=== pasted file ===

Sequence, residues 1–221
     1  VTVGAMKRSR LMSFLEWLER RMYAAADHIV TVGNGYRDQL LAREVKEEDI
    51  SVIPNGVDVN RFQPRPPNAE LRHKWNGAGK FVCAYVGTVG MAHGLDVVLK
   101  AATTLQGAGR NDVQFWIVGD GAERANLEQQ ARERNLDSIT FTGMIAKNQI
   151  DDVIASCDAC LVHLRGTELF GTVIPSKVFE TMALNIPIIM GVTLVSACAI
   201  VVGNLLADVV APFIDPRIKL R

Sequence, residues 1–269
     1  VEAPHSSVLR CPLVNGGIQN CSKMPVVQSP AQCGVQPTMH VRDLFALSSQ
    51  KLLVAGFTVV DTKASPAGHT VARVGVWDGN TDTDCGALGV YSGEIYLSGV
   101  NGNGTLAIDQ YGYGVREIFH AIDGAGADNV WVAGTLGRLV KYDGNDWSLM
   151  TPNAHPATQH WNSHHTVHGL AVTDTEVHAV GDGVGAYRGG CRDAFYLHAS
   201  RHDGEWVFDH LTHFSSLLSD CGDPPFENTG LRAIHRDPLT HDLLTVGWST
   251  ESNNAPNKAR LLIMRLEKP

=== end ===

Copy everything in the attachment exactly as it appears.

Sequence, residues 1–221
     1  VTVGAMKRSR LMSFLEWLER RMYAAADHIV TVGNGYRDQL LAREVKEEDI
    51  SVIPNGVDVN RFQPRPPNAE LRHKWNGAGK FVCAYVGTVG MAHGLDVVLK
   101  AATTLQGAGR NDVQFWIVGD GAERANLEQQ ARERNLDSIT FTGMIAKNQI
   151  DDVIASCDAC LVHLRGTELF GTVIPSKVFE TMALNIPIIM GVTLVSACAI
   201  VVGNLLADVV APFIDPRIKL R

Sequence, residues 1–269
     1  VEAPHSSVLR CPLVNGGIQN CSKMPVVQSP AQCGVQPTMH VRDLFALSSQ
    51  KLLVAGFTVV DTKASPAGHT VARVGVWDGN TDTDCGALGV YSGEIYLSGV
   101  NGNGTLAIDQ YGYGVREIFH AIDGAGADNV WVAGTLGRLV KYDGNDWSLM
   151  TPNAHPATQH WNSHHTVHGL AVTDTEVHAV GDGVGAYRGG CRDAFYLHAS
   201  RHDGEWVFDH LTHFSSLLSD CGDPPFENTG LRAIHRDPLT HDLLTVGWST
   251  ESNNAPNKAR LLIMRLEKP